We’re not really talking about Steven Universe (today), but I bring it up as an example of how “subtle” queer coding can be a strategic push towards explicit representation, even today. I made fun of “losing viewership” earlier, but combined with “think of the children”, it really is a legitimate concern for people creating children’s media. Homophobic or just ignorant parents will get up in arms about their children being exposed to The Gay Lifestyle, and that could mean the end of your show, and possibly your career. By waiting to reveal that one of the characters was actually the embodiment of an incredibly healthy queer relationship, the team behind Steven Universe assured they had a strong fanbase that would be upset if the show were suddenly canceled. It wasn’t ideal, but it’s kept the show chugging along despite Cartoon Network putting up obstacles everywhere it can afford to. At worst, it’s a bit annoying, but that’s hardly the fault of the creators.
But there really is no excuse these days for content aimed at older audiences.
So my friends, it is time, once again, to talk about Sherlock.
I have written two separate pieces explicitly about this show, and a few more where I subtweeted it while talking about something else, and if you think this is going to be the last time I mention it, that’s hilarious. I will never stop being bitter about this godforsaken show. Also I just realized that’s not even the first time I’ve called it “this godforsaken show” on this website. Ugh.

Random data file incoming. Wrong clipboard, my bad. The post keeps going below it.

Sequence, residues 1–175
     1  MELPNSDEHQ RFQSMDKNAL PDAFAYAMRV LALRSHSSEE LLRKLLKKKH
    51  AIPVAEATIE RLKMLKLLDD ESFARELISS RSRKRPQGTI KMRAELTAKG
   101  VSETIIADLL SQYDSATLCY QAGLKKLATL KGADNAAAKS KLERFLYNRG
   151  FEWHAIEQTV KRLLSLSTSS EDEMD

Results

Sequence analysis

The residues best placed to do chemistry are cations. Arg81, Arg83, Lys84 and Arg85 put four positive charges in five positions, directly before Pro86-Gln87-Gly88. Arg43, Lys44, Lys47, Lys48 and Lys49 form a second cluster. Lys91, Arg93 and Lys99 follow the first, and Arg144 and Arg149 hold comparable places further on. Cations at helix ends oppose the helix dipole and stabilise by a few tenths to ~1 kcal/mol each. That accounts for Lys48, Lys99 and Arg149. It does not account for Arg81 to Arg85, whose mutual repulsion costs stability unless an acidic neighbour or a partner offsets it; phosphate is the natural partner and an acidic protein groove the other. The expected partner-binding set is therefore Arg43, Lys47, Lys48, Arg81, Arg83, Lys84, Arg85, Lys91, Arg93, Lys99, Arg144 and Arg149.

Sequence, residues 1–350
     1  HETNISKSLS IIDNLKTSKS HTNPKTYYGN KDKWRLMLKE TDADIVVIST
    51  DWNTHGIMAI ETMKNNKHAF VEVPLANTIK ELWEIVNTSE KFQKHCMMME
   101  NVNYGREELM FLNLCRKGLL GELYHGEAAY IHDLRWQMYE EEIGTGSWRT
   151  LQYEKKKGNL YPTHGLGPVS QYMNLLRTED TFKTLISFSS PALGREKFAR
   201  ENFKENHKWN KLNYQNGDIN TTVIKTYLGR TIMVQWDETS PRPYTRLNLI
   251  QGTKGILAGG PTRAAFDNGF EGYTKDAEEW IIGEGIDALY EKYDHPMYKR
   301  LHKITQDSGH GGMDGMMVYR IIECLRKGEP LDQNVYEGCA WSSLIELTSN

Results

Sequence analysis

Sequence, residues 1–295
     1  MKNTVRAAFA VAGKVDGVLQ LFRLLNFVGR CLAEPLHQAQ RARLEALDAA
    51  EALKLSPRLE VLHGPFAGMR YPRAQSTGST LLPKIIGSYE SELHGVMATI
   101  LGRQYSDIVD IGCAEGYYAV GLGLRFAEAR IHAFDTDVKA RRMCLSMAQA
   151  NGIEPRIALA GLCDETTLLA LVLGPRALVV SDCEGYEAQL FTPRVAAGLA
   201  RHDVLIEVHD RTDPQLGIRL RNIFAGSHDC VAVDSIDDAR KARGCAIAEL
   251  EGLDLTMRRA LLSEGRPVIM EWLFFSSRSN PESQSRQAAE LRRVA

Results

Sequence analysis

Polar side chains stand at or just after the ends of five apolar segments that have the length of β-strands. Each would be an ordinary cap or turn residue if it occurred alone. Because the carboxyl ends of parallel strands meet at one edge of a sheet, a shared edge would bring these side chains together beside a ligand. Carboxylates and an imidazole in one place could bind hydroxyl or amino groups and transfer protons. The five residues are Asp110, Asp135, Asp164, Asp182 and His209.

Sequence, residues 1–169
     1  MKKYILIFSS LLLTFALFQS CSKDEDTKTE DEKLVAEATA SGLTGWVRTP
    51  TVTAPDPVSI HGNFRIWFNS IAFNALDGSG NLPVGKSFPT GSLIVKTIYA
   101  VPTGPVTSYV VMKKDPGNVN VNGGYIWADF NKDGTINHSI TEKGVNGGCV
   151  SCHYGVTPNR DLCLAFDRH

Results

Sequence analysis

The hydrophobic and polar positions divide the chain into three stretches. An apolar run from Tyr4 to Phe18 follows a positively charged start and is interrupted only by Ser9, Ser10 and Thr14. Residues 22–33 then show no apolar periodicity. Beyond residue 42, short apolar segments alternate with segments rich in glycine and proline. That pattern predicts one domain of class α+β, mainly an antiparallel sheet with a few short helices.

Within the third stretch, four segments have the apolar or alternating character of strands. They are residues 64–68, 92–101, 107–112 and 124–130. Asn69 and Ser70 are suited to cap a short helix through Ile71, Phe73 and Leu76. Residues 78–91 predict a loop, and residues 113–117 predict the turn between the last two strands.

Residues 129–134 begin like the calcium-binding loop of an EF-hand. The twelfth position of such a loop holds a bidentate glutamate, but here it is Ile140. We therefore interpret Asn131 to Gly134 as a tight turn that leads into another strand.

BBC’s Sherlock is probably one of the biggest and most obvious examples of queerbaiting out there, and there were a few factors that played into this.
First and foremost was the writers themselves. Moffat in particular came in with a bit of a history, having directed not only several critically acclaimed episodes of Doctor Who, but also a parody episode where the Doctor regenerated into a woman. These two facts together convinced many if not most people that he was a good writer who cared about representation and stuff, so when Sherlock was announced, and his co-writer was revealed to be Mark Gatiss, an openly gay man, it wasn’t hard to get hopes up. Unfair though it may have been, the nature of who was making the show already set up expectations.
But those expectations might have been quietly set aside if it weren’t for the actual writing of the show. See, Moffat has this habit of making his main characters the coolest, awesomest, badassest, amazingest guys ever in the history of ever, with their only flaw being that people get mad when they talk even though they’re Just Being Honest, Man.